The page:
New attitudes and practices, where they have been introduced, have also highlighted the hidden costs of outdated policies. At government department, GCHQ, for example, it has been calculated that it costs £1100 to recruit a graduate, and about £92,000 for a graduate trainee project manager in the unique demands of this business. When GCHQ recently introduced flexible working patterns and allowed four women scientists to work flexibly following maternity leave, the organisation reckons to have saved some £400,000 by retaining these four talented and experienced people.

For other employers the bid to attract and retain more women employees is also tied up with efforts to improve customer service. Attitude surveys at British Gas, for example, have revealed that many female customers would often prefer to be visited in their homes by female service engineers if this were an option, while engineering company, Adwest (see case study), recognises the contribution made by female engineers to the design of, say, car-seat reclining mechanisms which have to suit the bone structures of both men and women, including pregnant women. Similarly employers such as Unilever and Rank Xerox are looking to develop more women as they move towards a culture in which diversity is valued. A diverse workforce, these companies argue, composed of men and women from a variety of different backgrounds and cultural experiences, is a more creative workforce capable of challenging old attitudes and practices and bringing fresh thinking and greater innovation to product development.

In recent years, another compelling reason for employers to pay greater attention to the female workforce is the knowledge that women are increasingly skilled and better educated, accounting for almost half of university graduates. Employers in science, engineering and technology who want to upgrade the quality of their workforces will face major problems in recruitment unless they are prepared to tackle negative attitudes to science-based professions head-on, because comparatively few of this new generation of high-achieving girls are choosing science-related careers.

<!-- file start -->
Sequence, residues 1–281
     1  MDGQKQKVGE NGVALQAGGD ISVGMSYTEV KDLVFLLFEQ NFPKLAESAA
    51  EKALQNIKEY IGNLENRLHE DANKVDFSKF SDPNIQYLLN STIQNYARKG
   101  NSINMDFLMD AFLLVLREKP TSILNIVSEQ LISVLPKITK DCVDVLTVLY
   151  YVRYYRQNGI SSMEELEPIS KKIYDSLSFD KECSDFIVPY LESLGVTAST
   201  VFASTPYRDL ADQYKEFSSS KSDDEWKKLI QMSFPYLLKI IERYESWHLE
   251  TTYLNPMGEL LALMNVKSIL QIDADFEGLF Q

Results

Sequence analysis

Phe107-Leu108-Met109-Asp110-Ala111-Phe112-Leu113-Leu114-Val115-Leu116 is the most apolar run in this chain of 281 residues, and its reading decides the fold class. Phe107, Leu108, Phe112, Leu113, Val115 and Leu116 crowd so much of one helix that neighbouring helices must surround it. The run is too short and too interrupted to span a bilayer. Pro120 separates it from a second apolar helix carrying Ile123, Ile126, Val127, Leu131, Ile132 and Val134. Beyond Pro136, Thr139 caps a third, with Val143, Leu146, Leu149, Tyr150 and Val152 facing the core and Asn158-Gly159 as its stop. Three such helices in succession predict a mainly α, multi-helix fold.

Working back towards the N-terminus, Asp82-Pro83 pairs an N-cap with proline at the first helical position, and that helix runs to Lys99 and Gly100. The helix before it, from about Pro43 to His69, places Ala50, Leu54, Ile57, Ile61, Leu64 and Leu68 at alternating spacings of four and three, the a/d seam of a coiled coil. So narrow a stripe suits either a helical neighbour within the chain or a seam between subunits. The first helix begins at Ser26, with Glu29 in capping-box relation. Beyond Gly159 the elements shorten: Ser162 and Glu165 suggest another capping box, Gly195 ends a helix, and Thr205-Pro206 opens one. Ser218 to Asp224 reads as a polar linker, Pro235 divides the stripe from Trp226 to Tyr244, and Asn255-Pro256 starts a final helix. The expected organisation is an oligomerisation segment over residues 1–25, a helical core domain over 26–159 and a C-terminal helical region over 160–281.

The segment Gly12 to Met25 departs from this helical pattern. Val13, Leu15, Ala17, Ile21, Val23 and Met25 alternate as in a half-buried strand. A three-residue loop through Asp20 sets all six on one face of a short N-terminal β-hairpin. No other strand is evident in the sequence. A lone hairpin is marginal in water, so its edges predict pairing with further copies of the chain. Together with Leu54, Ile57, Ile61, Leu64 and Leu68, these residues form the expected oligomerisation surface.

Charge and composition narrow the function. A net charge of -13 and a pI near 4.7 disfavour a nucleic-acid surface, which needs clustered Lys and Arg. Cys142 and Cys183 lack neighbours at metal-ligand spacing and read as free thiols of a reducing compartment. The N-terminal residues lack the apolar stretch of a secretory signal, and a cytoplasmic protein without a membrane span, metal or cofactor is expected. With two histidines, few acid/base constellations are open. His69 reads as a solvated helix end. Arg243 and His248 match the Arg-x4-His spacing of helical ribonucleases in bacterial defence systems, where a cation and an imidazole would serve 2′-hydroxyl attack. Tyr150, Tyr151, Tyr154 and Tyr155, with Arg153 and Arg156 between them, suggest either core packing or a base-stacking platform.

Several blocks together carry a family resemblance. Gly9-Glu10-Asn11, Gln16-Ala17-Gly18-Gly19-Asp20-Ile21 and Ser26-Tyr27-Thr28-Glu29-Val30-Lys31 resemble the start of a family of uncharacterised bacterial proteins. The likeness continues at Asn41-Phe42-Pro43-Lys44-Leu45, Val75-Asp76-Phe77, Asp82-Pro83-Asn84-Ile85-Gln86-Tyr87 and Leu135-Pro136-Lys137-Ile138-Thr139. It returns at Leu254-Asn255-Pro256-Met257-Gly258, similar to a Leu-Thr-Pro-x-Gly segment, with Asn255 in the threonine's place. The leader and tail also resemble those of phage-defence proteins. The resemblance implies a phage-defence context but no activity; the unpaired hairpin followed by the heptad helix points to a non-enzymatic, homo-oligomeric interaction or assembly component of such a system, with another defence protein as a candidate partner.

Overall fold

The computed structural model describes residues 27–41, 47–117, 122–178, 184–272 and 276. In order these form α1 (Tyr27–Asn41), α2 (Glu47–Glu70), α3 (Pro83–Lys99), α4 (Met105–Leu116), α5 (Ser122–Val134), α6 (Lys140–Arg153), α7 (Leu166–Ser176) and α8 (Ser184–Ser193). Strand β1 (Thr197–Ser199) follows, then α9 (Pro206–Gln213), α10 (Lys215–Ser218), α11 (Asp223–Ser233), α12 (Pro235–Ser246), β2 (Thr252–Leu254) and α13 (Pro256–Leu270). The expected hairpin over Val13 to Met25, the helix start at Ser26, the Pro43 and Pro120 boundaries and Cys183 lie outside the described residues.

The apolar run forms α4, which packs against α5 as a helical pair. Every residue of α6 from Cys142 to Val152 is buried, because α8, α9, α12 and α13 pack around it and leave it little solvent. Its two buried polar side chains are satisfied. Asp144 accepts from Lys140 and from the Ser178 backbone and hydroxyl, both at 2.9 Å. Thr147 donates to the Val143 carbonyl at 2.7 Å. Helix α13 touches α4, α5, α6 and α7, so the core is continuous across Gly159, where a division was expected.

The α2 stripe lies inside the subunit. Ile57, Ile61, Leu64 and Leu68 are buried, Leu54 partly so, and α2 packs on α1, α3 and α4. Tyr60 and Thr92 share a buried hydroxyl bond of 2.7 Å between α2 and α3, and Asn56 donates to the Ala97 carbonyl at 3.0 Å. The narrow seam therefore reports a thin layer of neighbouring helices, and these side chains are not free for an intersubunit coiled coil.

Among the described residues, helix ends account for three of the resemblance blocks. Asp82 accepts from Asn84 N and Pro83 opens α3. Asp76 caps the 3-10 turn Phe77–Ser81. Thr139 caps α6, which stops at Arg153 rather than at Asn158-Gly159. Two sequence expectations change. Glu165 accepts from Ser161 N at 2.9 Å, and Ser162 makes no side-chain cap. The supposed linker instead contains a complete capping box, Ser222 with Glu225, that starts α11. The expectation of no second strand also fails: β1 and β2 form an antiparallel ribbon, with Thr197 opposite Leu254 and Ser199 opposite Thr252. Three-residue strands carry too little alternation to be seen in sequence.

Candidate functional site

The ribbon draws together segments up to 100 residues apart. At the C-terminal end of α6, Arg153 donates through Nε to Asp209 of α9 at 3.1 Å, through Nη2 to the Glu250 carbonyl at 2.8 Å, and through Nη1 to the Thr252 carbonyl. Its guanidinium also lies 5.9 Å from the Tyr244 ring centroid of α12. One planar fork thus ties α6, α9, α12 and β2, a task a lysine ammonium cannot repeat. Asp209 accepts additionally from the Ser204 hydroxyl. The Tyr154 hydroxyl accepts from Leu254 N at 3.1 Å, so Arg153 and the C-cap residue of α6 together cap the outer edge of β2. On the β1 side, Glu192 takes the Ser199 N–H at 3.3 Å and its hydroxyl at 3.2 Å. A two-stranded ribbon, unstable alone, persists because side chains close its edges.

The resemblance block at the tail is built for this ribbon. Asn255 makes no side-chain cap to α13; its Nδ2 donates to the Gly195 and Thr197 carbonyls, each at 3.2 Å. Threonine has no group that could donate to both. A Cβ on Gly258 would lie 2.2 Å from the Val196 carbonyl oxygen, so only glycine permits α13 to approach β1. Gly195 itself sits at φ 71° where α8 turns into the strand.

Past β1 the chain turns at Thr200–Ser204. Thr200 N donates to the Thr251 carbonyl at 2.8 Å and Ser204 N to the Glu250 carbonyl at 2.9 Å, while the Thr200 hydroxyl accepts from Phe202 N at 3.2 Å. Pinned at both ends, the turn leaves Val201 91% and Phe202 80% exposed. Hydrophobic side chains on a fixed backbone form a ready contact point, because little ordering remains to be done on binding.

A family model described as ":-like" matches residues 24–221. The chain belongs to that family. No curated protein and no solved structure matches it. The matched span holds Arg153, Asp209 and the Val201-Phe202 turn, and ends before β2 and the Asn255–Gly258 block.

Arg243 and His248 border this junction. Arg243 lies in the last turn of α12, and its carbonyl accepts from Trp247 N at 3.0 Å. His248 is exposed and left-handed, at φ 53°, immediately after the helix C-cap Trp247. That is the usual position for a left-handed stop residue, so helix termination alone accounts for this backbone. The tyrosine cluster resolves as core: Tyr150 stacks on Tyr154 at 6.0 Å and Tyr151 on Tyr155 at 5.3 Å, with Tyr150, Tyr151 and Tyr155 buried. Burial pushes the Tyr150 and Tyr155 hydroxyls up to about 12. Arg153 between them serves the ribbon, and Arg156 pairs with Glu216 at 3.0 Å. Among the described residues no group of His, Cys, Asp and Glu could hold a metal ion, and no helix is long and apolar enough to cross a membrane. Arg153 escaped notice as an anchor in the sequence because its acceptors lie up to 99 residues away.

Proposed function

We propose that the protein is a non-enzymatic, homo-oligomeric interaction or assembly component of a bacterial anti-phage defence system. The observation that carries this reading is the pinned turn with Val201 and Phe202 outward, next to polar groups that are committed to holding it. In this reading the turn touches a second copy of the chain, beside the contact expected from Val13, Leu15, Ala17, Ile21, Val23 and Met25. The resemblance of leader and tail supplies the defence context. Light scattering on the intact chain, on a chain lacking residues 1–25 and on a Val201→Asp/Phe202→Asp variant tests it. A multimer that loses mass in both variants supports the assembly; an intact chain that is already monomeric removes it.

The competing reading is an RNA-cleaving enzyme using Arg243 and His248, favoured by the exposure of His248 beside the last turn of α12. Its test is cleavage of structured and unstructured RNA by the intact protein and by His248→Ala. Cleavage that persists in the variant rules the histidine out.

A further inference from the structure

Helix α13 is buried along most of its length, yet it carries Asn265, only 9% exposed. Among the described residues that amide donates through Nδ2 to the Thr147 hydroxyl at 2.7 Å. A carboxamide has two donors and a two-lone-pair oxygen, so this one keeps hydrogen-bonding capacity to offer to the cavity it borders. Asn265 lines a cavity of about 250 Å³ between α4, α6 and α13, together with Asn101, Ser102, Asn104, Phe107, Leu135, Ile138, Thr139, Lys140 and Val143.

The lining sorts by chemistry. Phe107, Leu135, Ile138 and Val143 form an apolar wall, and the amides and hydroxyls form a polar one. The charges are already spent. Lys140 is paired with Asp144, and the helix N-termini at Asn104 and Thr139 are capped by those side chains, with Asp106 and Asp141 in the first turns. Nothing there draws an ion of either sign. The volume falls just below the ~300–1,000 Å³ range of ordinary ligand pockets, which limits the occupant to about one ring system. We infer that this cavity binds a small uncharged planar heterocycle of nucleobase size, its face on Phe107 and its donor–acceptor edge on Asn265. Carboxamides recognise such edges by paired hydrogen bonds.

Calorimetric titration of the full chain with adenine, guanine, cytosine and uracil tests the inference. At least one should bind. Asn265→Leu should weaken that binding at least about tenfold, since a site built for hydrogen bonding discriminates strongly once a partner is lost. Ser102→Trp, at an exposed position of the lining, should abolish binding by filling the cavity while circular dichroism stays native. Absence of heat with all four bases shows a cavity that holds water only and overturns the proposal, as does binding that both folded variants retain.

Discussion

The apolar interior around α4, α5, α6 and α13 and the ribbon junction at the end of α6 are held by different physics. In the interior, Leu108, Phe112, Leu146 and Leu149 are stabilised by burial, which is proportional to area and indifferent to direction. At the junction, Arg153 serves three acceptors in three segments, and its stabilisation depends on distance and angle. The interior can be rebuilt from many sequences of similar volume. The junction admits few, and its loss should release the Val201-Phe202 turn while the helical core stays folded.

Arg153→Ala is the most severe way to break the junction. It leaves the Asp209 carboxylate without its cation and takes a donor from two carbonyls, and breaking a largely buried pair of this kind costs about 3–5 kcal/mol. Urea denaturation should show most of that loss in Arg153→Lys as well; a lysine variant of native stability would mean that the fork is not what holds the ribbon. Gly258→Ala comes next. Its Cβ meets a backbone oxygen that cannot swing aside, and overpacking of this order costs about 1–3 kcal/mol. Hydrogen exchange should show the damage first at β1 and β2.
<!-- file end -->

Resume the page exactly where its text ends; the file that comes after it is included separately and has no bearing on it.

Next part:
As we shall see in greater detail later, comparatively few young women take science subjects at ‘A’ level, fewer still take science-based degrees and even when women do graduate in a science subject from university, they are less likely to use their degree in a related career than are their male counterparts. The absence of women from science and technology therefore becomes a spiralling problem – every time young women are called upon to make a decision that affects their career destination, they are more likely than men to reject a career in a science-related area.

If employers in science, engineering and technology (SET) hope to increase the number of high achieving young women keen to enter science it is clear they will now have to work on the “supply” side of the employment equation and set about reshaping attitudes of girls and young women towards careers in SET.

The remainder of this booklet will therefore focus on what employers can do to improve their links with educational institutions to persuade some of the nation’s most talented young women to pursue SET careers. The issues highlighted and the initiatives described are not definitive or exhaustive. Our aim is to provoke debate and stimulate new thinking among employers, educationalists and other interested parties and invite feedback on other successful employer / education initiatives which are likely to help increase the number of female engineers, scientists and technologists in British industry.